Posts Tagged ‘Tim Winton’

Richard Flanagan is an admirable fellow because of his generosity and outspoken progressive political views. His latest and prize-winning novel draws on his father’s experience as a prisoner of war of the Japanese in WW2. Along with thousands of other allied POWs he toiled as a slave labourer under atrocious conditions in the Thai jungle on the infamous Burma railway construction.

The central character Dorrigo Evans resembles Weary Dunlop, legendary leader of POWs who rallied his men and cared for them medically as best he could under the deprivation and torture inflicted by the Japanese army. It is also a love story, with two women, Amy and Ella, intertwined in the war narrative. The social mores and attitudes of 1940s Australia are well drawn.

The book’s title is a translation of a famous haiku poem, and Flanagan portrays the mindset and Emperor worship of the Japanese officers and guards, and their despised Korean underlings. In omniscient author mode he gets into all their heads, which is interesting enough. Eventually though I was shell-shocked by all the gruesome cruelty and exhausted by the intensive psychological and philosophical outpourings of all the characters involved. I’m not sure it all hangs together properly either.

Flanagan spent twelve years on this oeuvre ensconced in his Bruny Island cabin, and had three separate stories which he eventually combined into one. Unfortunately the result is not seamless, and occasionally the cracks show with some overlapping and repetition, for example the description of a hotel room where he used to meet his amour.

Like Tim Winton, Flanagan seems over-indulged by his editor, who could’ve taken the scalpel to some over-florid passages and over-long narrative. Or maybe the two lionised authors don’t brook any interference? The story would’ve been sharper with less. I felt somewhat bludgeoned by it.

The use of coincidence (or fate?) was unconvincing too, such as Dorrigo walking past Amy on the Harbour Bridge, and the surprise of discovering Darky’s true father. Moreover Aussies didn’t say ‘I’m good’ in 1942, 707s did not fly to Hobart, and writing of ‘things’ to mean qualities or concepts is just poor English (p.331). OK there’s some homework for other nitpickers.

Narrow Road won the prestigious Man Booker for 2014, and recently the Prime Minister’s Literary Award, which was more controversial. Flanagan shared the fiction award with Steven Carroll, and promptly gave his $40K to the Indigenous Literacy Foundation – a fine gesture.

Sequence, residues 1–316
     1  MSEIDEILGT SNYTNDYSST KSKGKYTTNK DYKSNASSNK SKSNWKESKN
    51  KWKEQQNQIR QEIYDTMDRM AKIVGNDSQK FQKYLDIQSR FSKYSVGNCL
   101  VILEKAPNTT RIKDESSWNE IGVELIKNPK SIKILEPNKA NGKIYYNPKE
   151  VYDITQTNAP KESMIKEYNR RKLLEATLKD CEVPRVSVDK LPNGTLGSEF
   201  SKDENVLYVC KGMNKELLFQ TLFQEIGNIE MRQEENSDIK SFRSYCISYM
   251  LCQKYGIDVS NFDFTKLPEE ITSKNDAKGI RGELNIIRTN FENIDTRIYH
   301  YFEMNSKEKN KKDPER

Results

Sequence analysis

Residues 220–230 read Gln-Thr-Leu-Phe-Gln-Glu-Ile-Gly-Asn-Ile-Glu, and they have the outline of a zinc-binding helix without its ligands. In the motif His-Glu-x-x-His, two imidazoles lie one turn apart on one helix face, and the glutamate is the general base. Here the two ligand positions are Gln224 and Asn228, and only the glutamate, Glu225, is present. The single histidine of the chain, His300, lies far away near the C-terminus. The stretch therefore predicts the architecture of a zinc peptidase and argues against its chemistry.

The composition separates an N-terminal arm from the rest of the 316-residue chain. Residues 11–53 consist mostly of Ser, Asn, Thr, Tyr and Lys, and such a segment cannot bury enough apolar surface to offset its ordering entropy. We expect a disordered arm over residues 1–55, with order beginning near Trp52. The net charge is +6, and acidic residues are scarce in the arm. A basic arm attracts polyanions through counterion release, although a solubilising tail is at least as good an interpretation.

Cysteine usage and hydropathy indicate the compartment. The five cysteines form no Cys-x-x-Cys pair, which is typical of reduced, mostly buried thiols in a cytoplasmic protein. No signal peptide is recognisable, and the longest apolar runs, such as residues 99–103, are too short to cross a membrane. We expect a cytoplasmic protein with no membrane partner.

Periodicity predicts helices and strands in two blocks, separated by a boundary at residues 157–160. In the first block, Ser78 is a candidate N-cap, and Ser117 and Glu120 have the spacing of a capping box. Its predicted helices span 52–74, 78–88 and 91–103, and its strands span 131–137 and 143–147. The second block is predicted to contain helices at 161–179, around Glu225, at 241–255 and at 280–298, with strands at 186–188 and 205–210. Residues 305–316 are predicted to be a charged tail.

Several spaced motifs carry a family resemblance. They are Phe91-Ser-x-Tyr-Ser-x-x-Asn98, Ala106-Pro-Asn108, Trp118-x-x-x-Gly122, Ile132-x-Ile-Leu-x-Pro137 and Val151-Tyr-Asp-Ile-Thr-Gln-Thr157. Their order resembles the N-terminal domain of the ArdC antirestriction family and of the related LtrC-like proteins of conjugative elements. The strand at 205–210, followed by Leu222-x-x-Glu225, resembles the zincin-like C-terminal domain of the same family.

However one of the judges, poet Les Murray, complained that the panel recommended only Carroll. Reports say that the PM intervened. “A clear majority of us thought the Flanagan book was superficial, showy and pretentious, and we disdained it. Something happened behind the scenes. I don’t know who pulled the strings but the decision we delivered was without strings”.

For a detailed critical review check this in the London Review of Books.



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Winton’s Woes

Tim Winton’s latest book ”Eyrie” is a curious, indulgent rant of a story of disillusionment and alienation, set in that fetid state of mining nirvana known as Western Australia. Winton’s cynical critique of that never-ending boom and its grasping denizens comes via the main male character, Tom Keely.

Middle-aged Tom has been ejected from the environmental movement by his injudicious outspokenness. Licking his wounds on the top floor of a spec-built Fremantle high-rise, with the aid of alcohol and drugs, his laments bounce along in fits of stupor or engagement. Winton’s gritty portrait of that seedy and seductive city makes Freo the main non-human hero of the book.

The story is too long with it’s winding plot. Maybe Winton doesn’t get serious editing these days? And his new party trick of repetitious recycling of clunky Aussie metaphors is like a dunny door in a gale. You quickly get annoyed by it. Like catching farts in a butterfly net. Flying like shit off a shovel. Nuttier than Queensland batshit. Bold as a mudlark. Loyal as a cattle dog. The ducks nuts. All examples from the book.

Truncated. Sentences. Are. Also. Annoying. Who said that was allowed? Ditto conversation without quotation marks, that other modish technique, which requires constant vigilance to see who’s talking, if anybody. The maestro’s over-written virtuosity (aka showing off?) gets in the way of the story. It kept me reading, but increasingly impatient. You have to wade through bucket-loads of colourful language and florid description. Ok, scrofulous is a cool word, but once is enough.

Redemption is available to Keely in his new relationships with a childhood friend and her fragile grandson, who also carry their fair shares of woes. Much is left unresolved, like life, some would say. But we are not rewarded with a proper ending or denouement. Left up in the air, as it were. More airy than eyrie. Like a soaring osprey in an updraft (my work!) that doesn’t land. Maybe we are just meant to enjoy the flight. There is an osprey in the story too, but it’s the most uplifting (oh yeah) image in this tale of woes. Such is life, indeed.

P.S. If you work out what the damp carpet in the opening scenes is all about, please let me know.


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